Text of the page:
Noel Meredith

Scrapping PDR is not the answer to dealing with a handful of bad developers

The Labour party has expressed its intention to scrap the creation of new homes under permitted development rights (PDR) if it forms the next government.


However, permitted development continues to be an important source of new homes in the UK, with responsible developers creating exciting places to live from redundant buildings in mainly urban environments; the locations where new homes are often most needed. Scrapping the entire scheme may be using a sledgehammer to crack a nut.

While homes created under PDR are not subject to the same planning rules as new builds, there’s a danger that responsible PDR developers may be tarred with the same brush as the very small number of developers completing unsuitable schemes in unsuitable locations.

Most developers do not seek to squeeze in as many units as they can, be it with new builds or conversions, and United Trust Bank has funded a number of successful PDR schemes where the developer’s motivation was the underlying marketability of the homes being created. These have usually been a mix of homes, from studio apartments to two- and three-bedroom penthouse apartments within the same development and in sought-after locations.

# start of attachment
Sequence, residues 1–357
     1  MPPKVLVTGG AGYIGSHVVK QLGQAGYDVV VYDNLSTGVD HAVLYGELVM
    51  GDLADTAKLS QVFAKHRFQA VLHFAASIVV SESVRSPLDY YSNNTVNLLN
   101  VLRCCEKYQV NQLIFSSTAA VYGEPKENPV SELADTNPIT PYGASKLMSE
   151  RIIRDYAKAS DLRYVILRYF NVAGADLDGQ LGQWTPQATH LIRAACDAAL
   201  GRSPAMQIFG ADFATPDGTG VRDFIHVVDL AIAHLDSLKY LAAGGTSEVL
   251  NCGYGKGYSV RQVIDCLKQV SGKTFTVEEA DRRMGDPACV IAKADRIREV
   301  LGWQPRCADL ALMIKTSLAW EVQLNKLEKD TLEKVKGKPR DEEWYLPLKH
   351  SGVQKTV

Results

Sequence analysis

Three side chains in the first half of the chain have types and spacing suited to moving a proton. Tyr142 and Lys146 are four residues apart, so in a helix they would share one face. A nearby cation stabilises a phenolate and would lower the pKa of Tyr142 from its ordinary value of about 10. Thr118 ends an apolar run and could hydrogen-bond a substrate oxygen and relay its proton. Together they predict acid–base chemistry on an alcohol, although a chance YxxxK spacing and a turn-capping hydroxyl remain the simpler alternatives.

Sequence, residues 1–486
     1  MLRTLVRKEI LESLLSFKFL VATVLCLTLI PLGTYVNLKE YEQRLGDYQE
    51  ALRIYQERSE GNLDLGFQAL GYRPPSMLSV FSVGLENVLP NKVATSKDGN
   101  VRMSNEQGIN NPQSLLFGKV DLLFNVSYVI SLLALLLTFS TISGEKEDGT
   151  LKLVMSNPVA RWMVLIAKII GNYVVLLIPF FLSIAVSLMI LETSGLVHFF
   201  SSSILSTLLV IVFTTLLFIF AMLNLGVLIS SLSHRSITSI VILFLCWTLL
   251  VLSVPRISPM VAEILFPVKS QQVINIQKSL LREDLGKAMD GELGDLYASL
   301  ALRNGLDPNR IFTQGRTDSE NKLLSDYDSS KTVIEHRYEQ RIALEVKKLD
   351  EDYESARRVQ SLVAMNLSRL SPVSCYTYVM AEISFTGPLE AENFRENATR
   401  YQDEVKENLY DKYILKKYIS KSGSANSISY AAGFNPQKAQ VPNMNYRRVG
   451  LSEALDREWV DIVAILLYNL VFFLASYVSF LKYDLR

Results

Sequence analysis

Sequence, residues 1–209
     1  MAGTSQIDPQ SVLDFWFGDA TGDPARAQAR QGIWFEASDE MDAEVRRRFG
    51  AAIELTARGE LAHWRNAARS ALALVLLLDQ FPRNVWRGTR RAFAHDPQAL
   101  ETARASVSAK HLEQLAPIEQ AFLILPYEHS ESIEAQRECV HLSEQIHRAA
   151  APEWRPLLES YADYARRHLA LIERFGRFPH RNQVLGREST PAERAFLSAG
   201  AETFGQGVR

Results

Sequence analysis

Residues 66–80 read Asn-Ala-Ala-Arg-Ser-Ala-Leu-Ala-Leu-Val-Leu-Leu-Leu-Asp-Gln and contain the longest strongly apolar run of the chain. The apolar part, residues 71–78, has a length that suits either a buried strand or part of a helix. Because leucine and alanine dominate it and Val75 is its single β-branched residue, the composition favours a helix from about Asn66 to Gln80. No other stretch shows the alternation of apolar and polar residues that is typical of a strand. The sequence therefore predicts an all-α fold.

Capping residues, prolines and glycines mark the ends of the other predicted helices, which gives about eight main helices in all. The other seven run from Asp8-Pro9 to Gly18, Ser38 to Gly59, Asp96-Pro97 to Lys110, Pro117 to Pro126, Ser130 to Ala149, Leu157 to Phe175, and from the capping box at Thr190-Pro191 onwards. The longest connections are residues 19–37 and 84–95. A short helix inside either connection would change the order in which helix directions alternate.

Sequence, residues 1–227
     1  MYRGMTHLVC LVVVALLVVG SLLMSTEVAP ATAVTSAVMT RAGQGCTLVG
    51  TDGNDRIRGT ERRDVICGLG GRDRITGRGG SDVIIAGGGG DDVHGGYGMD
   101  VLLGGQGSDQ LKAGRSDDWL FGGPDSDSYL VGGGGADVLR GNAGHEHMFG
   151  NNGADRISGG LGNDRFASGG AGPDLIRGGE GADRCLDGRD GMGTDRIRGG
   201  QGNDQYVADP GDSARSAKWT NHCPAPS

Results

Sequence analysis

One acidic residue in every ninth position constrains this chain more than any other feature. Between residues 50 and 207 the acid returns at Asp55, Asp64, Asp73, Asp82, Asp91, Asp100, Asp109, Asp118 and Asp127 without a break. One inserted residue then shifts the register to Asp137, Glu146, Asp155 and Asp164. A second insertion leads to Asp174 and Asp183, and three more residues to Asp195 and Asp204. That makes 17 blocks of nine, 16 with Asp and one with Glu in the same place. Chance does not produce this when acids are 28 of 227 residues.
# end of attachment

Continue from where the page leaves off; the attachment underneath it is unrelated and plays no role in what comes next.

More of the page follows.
When funding these schemes, we use the same criteria to assess their viability as we would a new-build project: the location of the building in relation to transport connections and local amenities, the specification and design of the dwelling, the target prices and the likely demand for the finished product. If we felt the development fell short in any of those criteria, we would not support it.

Small apartments making the most efficient use of space by clever design and technology can be affordable and enjoyable places to live. Buyers and renters will weigh up the pros and cons when making their decisions based on their circumstances and budget, just as they would when looking at new-build homes. A small minority of developers — those cutting corners with sub-standard dwellings — may find they are left holding too many unsaleable or unrentable white elephants and suffer the financial and reputational consequences.

We should remember that there are good and bad PDR developers and there are good and bad new homes developers. In both sectors the good vastly outnumber the bad. The challenge for the planning system is to make it harder for the bad ones to create sub-standard homes of any kind without making it more difficult for the good, responsible developers to build the homes the UK so desperately needs.

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